Starzl haswritten hundreds and hundreds of scientific papers, averaging fifty papers a year during the 1980s.


As a pioneer and renowned international expert in the Hepatobiliary field in the early 70's, Pr. Henri Bismuth was one of the few surgeons in the world (and the first in France) to launch a hepatic transplantation programme.

In 1993, he set up the Hepatobiliary Center at the Paul Brousse Hospital in Villejuif - an innovative dedicated liver disease center. Its main mission is to provide global care for patients with bile duct and liver disorders. Patients can receive complete clinical management from the same multidisciplinary team. As the first transplant center in France and among the first one in Europe, it has gained national and international renown.

Throughout his career, Henri Bismuth has helped to set up and to develop new liver transplant techniques such as the split liver technique which allows two patients to be transplanted with only one liver. He is also committed to transmitting his savoir-faire by training surgeons from Europe, South America, Africa, the Middle East and Asia.

A member of the Academie Nationale de Chirurgie, Henri Bismuth has received honorary degrees from the Universities of Turin, Porto, Coimbra, Warsaw and honorary membership from the American College of Surgeons, the American Surgical Association and from many international medical societies.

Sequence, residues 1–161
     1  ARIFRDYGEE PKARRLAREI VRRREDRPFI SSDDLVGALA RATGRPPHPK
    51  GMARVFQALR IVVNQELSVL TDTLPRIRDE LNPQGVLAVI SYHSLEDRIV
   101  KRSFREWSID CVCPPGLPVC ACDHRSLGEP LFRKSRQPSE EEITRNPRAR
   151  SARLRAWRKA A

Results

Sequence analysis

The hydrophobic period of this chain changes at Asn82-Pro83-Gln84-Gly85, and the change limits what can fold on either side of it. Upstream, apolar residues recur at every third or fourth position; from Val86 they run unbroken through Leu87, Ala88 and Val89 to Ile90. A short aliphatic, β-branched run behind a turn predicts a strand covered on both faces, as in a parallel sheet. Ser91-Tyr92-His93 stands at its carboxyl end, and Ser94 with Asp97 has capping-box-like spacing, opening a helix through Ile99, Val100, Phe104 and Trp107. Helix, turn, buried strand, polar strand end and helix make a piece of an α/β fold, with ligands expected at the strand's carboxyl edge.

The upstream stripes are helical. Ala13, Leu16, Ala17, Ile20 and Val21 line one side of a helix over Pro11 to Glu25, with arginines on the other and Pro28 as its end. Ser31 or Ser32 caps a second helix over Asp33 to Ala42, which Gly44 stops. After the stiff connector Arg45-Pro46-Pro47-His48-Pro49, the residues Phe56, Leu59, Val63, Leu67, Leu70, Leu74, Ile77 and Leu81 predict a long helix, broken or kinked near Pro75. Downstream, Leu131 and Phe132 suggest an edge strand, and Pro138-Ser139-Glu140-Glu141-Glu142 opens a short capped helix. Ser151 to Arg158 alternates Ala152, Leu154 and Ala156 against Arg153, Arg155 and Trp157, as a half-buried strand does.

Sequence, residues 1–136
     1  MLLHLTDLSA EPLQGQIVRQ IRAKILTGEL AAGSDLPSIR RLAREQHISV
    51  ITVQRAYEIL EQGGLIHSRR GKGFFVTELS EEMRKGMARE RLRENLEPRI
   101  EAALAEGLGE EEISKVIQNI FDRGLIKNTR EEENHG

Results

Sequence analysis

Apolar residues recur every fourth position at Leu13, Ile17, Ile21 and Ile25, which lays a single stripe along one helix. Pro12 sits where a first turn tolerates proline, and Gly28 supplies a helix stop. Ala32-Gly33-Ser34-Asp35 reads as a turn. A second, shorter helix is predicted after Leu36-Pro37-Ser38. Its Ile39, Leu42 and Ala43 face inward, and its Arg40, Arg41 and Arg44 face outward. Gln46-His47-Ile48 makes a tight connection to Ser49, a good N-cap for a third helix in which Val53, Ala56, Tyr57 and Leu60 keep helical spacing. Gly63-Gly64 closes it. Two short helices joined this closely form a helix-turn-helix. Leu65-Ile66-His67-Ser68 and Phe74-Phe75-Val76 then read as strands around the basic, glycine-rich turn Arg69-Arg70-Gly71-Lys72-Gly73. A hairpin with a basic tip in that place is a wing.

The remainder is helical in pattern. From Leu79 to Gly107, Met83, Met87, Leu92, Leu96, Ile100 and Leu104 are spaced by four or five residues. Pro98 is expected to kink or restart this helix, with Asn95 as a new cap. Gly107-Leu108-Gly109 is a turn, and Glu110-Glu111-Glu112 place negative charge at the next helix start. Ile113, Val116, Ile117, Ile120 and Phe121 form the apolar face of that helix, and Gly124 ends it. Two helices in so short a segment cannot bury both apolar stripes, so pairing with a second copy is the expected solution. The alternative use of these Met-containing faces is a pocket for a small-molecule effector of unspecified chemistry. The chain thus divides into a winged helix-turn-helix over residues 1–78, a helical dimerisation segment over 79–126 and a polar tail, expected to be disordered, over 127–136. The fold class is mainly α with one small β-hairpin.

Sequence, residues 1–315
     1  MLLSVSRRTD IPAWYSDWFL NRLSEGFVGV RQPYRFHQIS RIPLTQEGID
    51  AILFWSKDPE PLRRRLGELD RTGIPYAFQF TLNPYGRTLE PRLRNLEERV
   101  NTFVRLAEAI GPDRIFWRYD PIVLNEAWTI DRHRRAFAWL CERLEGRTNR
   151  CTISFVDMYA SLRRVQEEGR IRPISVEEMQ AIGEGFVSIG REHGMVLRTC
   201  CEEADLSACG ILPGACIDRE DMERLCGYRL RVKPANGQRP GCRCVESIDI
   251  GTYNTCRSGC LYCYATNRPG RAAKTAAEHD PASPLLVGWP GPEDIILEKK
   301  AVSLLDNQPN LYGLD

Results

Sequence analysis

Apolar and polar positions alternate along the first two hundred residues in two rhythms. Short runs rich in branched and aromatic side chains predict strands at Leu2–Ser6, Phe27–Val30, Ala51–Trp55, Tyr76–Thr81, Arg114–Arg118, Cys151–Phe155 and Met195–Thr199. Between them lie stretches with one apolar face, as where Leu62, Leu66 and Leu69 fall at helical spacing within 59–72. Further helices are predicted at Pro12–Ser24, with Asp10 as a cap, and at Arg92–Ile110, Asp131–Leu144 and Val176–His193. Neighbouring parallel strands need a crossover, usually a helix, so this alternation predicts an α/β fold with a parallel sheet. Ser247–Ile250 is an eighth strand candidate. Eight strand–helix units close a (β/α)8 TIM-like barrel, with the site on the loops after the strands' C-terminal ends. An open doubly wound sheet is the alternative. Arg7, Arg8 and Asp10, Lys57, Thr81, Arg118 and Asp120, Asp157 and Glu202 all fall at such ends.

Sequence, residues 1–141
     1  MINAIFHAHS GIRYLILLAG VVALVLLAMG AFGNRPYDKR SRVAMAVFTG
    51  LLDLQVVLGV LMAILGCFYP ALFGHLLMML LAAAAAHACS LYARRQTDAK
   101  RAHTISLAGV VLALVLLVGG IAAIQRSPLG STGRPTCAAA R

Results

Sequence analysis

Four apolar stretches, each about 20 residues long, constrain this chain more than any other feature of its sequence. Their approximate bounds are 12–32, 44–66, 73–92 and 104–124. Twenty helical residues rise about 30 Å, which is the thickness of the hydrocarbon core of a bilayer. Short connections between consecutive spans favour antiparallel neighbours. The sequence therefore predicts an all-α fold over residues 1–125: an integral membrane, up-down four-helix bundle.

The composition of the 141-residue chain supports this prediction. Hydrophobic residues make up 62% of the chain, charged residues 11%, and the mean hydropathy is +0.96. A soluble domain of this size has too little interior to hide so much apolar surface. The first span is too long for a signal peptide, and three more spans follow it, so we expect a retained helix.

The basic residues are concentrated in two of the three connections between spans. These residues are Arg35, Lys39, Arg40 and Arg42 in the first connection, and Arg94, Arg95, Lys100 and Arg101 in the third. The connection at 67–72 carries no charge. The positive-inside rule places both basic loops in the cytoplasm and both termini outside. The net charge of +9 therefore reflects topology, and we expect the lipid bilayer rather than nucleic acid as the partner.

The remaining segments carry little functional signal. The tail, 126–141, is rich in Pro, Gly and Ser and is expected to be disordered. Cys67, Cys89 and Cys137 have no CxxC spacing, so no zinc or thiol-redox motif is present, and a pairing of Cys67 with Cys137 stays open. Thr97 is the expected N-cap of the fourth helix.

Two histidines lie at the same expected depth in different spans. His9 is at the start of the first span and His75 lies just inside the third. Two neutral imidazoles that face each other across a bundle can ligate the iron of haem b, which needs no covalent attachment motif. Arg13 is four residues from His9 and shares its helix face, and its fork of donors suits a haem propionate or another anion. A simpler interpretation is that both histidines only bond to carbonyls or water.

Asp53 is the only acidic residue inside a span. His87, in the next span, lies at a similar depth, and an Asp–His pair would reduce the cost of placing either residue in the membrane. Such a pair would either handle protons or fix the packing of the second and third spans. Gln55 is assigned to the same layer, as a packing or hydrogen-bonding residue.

is president of the Japanese Red Cross Medical Center, president of the International Association of Surgeons, Gastroenterologists and Oncologists (IASGO) and honorary professor of the University of Tokyo. As a pioneer and a recognized international expert in the field of HBP surgery, Dr. Makuuchi throughout his career, has taken initiatives in developing methods of perioperative managements such as ultrasound guided PTC, BTBD, GB drainage, PVE, intermittent hemihepatic inflow occlusion, warm ischemia in living donor and surgical techniques such as subsegmentectomy, and inferior hepatic vein preserving hepatectomies, contributing to establishing techniques for safe surgical operation.


Leslie Harold Blumgart (1931- ) was St Mungo Professor of Surgery at the University from 1972 until 1979.

Born in South Africa, Blumgard graduated BDS from Witwatersrand University in 1954. He subsequently studied at the University of Sheffield, graduating MB, ChB and MD, and was Senior Lecturer and Deputy Director of the Department of Surgery at the Welsh National School of Medicine from 1970 until his appointment to the St Mungo Chair.

Blumgard left Glasgow in 1979 to become Professor of Surgery at the Royal Postgraduate School of London and Director of Surgery at Hammersmith Hospital. He was Professor of Surgery at the University of Bern from 1986 until 1991, when he became Enid A Haupt Professor of Surgery at the Memorial Sloan-Kettering Cancer Center, New York (he was appointed Chief of the Section of Hepato-Biliary Surgery and Director of the Programme on Hepato-Biliary Diseasesin 1995). He has been Professor of Surgery at the Cornell University Medical Center since 1992.


is a medical surgeon who worked in several African countries before joining Doctors without Borders (MSF). In 2008, Dr McMaster worked for the MSF Operational Centre in Amsterdam as a specialist surgical advisor and developed strategic and operational plans. During his work with MSF, he led emergency surgical teams in disaster/conflict environments such as Sri Lanka and Haiti.  

He is currently Chairman of MSF in the UK.